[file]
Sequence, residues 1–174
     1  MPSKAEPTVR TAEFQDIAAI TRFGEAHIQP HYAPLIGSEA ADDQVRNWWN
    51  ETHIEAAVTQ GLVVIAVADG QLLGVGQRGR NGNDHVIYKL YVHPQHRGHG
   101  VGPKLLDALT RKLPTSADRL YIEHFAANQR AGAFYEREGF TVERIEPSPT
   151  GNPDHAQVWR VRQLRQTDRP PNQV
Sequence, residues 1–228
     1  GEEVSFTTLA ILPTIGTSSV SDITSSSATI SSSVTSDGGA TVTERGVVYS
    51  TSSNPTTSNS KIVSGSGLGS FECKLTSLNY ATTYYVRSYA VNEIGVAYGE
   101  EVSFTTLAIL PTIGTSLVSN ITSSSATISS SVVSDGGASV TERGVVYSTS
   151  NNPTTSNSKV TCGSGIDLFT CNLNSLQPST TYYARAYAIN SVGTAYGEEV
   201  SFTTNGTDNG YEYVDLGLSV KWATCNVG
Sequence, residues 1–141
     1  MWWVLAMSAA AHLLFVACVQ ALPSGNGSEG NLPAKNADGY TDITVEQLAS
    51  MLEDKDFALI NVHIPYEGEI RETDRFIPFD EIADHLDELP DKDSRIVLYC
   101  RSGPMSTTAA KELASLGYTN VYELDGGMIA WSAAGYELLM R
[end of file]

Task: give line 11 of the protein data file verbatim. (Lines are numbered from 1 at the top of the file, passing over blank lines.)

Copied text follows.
   201  SFTTNGTDNG YEYVDLGLSV KWATCNVG